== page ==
Without cloud talent, the value that cloud offers is simply unattainable. Companies can win the war for cloud talent, however, when they combine a clear understanding of what talent they really need, a culture where that talent can thrive, and a commitment to practical changes so they can capture cloud value quickly.
The original post with much, much more very valuable information is here.
Striking the right balance between decentralized functions and centralized control starts with addressing the needs of business units.
Over the past decade, companies have struggled with organizational designs that vary widely in how centralized or decentralized they are across functions. (…) Against this backdrop, McKinsey believes companies need a new approach to set up functions that maximize business value and successfully serve business units. This approach is based on three core beliefs. Keep reading the original post of McKinsey here.
AI and machine-learning tools can enhance strategic planning.
In this episode of the Inside the Strategy Room podcast, McKinsey Insights explores how digital analytics is revolutionizing strategy. Nicholas Northcote, who for years led McKinsey’s research on strategic decision making, is joined by Sagie Davidovich, the cofounder and CEO of SparkBeyond, a McKinsey partner company that operates an AI-driven analytics platform, and Sasha Vesuvala, who leads much of McKinsey’s work in applying advanced analytics to strategy and growth-related questions. To read this edited transcript of the discussion follow this link.
Postpandemic skill gaps need filling, and formal learning alone won’t do the trick. Scaling the lost art of one-on-one learning can make the difference.
Apprenticeship may feel counterintuitive in the face of intense workplace time pressures, but—with some modernizing—it can efficiently unlock the rapid capability building that today’s knowledge-based workforce requires.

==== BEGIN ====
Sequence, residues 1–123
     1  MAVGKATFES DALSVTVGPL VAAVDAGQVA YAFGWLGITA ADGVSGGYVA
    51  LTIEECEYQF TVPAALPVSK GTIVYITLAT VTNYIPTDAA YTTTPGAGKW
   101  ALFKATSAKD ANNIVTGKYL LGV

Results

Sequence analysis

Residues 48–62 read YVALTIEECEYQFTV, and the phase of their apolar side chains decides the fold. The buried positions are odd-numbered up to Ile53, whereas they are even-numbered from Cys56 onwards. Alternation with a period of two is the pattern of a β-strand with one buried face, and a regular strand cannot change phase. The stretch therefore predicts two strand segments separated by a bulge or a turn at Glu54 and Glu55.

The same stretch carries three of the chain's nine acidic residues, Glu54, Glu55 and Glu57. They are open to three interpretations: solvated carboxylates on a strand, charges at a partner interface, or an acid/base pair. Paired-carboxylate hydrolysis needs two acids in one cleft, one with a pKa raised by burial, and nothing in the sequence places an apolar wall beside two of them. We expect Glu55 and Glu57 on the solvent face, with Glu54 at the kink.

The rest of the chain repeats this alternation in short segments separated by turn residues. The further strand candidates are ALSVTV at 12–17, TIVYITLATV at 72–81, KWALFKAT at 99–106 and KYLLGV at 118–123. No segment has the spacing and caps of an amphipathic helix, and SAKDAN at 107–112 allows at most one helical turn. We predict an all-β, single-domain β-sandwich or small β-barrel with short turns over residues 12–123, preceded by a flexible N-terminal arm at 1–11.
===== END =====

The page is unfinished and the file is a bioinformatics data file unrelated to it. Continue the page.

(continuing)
Got interested – read the original full post here.
With the rapid rise in circulation of stablecoins over the past couple of years, central banks have stepped up efforts to explore their own stable digital currencies.
Cryptocurrency has been touted for its potential to usher in a new era of financial inclusion and simplified financial services infrastructure globale. To date, however, its high profile has derived more from its status as a potential store of value than as a means of financial exchange. That disconnect is now evolving rapidly with both monetary authorities and private institutions issuing stabilized cryptocurrencies as viable, mainstream payments vehicles.
Companies are struggling to address the problem of employees leaving, and many will continue to struggle for one simple reason: they don’t really understand why their employees are leaving in the first place. Rather than take the time to investigate the true causes of attrition, many companies are jumping to well-intentioned quick fixes that fall flat …
The Great Attrition is happening, it’s widespread and likely to persist—if not accelerate—and many companies don’t understand what’s really going on, despite their best efforts. These companies are making ineffective moves based on faulty assumptions.
Got interested? Please follow this link to the original post!